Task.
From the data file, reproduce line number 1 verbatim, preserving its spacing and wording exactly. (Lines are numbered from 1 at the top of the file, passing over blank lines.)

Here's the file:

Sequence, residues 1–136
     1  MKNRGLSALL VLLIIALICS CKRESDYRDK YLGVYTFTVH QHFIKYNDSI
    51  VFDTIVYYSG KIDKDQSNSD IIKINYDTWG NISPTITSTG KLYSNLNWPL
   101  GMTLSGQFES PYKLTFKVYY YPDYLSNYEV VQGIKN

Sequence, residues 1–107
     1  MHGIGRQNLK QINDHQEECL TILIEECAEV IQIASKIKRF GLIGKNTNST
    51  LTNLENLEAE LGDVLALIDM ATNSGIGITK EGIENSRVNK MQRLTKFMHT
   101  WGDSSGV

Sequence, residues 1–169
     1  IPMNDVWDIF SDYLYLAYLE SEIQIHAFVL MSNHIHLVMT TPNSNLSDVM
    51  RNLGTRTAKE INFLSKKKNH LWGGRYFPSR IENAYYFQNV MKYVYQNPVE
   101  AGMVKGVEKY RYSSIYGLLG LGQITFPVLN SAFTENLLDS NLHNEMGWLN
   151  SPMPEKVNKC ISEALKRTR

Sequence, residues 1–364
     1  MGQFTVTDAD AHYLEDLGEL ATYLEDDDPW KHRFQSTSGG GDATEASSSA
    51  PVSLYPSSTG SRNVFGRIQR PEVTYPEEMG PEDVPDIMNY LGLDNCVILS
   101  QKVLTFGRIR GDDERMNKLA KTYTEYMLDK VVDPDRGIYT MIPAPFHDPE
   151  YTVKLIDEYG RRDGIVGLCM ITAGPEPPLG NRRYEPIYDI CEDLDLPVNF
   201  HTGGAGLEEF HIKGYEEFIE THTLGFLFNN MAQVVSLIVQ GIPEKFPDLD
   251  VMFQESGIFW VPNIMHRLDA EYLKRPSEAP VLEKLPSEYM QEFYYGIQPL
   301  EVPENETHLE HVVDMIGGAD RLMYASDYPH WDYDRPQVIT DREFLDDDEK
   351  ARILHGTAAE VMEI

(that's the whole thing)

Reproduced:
Sequence, residues 1–136